Blood Song is a title that has been sitting in my Kindle library for quite a while now but for some reason I just hadn’t read it yet. With Orbit have re-released Blood Song this year I decided to finally give in and read it. Vaelin Al Sorna is our primary narrator for the tale in Blood Song. Given at young age by his father to a Monastic order of warrior monks (one of Six Orders) Vaelin rises through their ranks, acquiring a handful of companions: human, canine, and equine. Vaelin eventually comes to the attention of the King and is drawn into the world of politics, his father was the King’s most trusted General, and becomes embroiled in the King’s plans for economic conquest. Meanwhile, mysterious forces work behind the scenes manipulating events and magic to prepare the way for “the one who waits.”
This book was pretty damn awesome. That being said it is also full of familiar fantasy elements that stays true to its traditional roots. At the same time Blood Song manages to walk a very fine line between the grim and gritty fantasy of more recent years and the hope and optimism of the past. Much like Rothfus’ Kingkiller Chronicles the structure of Blood Song takes the form of an oral history being related by the protagonist to a historian. Much like that other series the various sections of Blood Song are broken up by some verbal sparring between Vaelin and his skeptical, borderline antagonist chronicler Lord Verniers. I don’t know why but this sort of framing for a fantasy novel remains one my favorite; it should come as no small surprise that I enjoyed it here as well.
Vaelin is not an outright unreliable narrator but over the course of the novel Ryan drops enough information to show us that he is molded by the culture he grew up in and his knowledge and perception of the world around him is limited to what he has been taught. As a result Vaelin remains a rather curious lens through which we experience the various peoples and cultures of his world. There are many moments where the narrative feels very much like a spotlight shown on a particular place and time with much of the surrounding world hidden in the shadows just out of sight. Ryan uses this to his advantage creating a fast-moving focused narrative that never strays far from the story at hand. The reader learns and Vaelin learns and the information is never overwhelming and never distracts from the plot.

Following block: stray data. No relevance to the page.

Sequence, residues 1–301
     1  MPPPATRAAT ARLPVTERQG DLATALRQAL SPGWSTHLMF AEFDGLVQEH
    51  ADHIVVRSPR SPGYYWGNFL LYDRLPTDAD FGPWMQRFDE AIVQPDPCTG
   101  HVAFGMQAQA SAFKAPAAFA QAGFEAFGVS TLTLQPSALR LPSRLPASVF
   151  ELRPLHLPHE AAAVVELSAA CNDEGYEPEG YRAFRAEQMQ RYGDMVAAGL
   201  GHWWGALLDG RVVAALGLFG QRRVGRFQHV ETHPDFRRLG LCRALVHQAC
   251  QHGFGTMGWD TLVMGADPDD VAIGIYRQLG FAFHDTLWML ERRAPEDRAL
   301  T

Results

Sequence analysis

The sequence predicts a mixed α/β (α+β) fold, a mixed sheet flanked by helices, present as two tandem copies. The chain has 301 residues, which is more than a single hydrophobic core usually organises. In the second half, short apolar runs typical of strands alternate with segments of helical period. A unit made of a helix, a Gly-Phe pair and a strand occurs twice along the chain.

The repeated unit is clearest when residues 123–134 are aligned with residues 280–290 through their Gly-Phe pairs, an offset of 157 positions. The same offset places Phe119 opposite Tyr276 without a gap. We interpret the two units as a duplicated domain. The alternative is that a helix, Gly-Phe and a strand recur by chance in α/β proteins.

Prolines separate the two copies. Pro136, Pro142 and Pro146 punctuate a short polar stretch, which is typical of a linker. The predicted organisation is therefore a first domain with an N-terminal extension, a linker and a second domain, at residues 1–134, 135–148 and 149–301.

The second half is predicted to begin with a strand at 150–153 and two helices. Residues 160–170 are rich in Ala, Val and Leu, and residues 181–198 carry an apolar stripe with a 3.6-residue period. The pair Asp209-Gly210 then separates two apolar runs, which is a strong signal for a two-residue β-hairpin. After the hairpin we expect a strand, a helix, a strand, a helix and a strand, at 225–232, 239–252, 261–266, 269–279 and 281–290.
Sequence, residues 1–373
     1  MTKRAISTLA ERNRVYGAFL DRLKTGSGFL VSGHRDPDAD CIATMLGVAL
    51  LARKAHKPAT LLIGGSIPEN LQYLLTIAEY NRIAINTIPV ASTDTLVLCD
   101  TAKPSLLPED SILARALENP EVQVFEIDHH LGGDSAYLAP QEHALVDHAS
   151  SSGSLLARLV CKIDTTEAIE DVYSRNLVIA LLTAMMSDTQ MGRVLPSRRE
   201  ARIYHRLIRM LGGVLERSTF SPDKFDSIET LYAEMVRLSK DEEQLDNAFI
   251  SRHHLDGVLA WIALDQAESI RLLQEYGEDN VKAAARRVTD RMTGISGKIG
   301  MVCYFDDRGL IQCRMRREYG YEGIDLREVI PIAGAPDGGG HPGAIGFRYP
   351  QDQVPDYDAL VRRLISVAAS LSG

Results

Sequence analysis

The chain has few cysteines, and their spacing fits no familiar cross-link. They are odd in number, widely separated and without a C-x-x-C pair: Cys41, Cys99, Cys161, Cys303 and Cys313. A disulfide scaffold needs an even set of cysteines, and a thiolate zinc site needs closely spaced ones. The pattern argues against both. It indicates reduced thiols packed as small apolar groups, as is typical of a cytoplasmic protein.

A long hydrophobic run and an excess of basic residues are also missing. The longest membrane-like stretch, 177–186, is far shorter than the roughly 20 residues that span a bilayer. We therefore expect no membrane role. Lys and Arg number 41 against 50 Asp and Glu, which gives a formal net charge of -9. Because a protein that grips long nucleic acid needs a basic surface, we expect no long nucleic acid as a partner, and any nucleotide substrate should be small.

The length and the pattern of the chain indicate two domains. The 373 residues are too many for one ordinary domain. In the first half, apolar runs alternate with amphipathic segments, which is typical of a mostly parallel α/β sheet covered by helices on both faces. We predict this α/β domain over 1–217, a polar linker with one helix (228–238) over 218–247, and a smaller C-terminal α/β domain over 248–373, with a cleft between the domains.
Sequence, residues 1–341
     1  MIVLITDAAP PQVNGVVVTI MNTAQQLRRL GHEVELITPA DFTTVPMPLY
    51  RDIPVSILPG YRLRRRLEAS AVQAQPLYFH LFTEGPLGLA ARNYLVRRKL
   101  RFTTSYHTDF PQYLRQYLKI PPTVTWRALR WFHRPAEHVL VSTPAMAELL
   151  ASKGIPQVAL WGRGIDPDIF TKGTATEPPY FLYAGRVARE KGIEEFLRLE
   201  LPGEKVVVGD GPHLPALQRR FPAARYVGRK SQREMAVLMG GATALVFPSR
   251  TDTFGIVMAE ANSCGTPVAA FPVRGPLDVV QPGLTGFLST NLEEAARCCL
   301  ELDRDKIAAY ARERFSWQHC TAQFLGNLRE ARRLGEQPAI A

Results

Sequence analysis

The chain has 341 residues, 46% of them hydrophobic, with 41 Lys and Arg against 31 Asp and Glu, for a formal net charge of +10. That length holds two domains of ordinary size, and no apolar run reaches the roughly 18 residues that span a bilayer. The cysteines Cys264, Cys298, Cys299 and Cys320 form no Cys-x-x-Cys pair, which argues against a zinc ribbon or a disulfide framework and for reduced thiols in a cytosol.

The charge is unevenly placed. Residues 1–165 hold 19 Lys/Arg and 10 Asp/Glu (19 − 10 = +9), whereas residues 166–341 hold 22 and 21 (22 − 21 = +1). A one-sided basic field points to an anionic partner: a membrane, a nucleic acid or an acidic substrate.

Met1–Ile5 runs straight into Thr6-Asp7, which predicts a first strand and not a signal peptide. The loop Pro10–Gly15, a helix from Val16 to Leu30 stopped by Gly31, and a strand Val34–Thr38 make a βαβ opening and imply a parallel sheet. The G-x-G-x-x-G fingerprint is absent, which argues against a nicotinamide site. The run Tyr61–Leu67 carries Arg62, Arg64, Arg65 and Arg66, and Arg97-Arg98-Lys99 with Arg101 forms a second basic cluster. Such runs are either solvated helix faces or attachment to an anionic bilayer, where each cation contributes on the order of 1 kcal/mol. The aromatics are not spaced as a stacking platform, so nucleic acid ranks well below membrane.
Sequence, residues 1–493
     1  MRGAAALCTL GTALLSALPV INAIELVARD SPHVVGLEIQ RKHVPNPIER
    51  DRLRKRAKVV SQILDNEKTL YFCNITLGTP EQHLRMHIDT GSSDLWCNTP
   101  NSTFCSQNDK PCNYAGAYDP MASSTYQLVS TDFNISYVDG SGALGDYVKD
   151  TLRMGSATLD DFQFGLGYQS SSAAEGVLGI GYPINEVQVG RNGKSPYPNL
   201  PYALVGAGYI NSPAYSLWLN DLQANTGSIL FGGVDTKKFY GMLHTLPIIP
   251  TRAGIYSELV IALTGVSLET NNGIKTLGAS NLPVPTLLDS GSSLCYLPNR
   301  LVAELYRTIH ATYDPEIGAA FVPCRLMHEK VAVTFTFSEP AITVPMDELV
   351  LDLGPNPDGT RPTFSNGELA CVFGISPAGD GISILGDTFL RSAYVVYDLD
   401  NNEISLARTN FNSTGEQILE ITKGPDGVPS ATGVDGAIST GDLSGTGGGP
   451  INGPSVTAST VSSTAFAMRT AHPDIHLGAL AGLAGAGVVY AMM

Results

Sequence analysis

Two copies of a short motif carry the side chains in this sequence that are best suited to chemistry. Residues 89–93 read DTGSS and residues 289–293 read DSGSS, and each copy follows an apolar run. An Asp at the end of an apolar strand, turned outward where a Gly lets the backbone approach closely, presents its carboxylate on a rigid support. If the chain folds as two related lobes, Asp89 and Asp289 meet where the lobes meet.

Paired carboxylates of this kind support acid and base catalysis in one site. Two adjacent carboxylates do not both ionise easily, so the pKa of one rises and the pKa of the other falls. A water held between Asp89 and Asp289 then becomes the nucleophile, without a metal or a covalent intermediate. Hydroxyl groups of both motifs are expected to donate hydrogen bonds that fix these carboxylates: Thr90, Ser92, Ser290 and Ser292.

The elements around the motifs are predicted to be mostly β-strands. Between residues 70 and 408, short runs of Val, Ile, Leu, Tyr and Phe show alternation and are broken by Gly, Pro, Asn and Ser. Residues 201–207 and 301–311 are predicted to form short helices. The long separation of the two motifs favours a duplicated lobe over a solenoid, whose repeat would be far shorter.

While Blood Song doesn’t shy away from violence and there are certainly dark deeds and black portents the novel manages to never feel as oppressive or grim as it could. Indeed there is a bit of a sword and sorcery vibe to the world of Blood Song. The lack of lengthy exposition, the inclusion of magic whose workings remain mysterious, and heavy reliance on character development over world building lend the novel a decided old school feel. While Blood Song introduces the idea of a world-endangering threat its intrusion into the story is typically reflected in the cost it has on Vaelin’s life. The resulting examination of the costs of power and the effect of reputation present an epic story that manages to still maintain a very personal touch.
Blood Song, originally released by the author in January of 2012 was picked up and released by Orbit books in July of 2013. I admit that I’m a bit ashamed that I didn’t jump on the Blood Song bandwagon earlier. Blood Song, the first in the Raven’s Shadow series, is a title that fantasy fans should not miss. Well wrought characters, a fascinating world, and crackling prose that makes the novel’s staggering 592 pages fly by make a Blood Song a novel not to be missed. The wait for 2014’s Tower Lord is going to be a long one.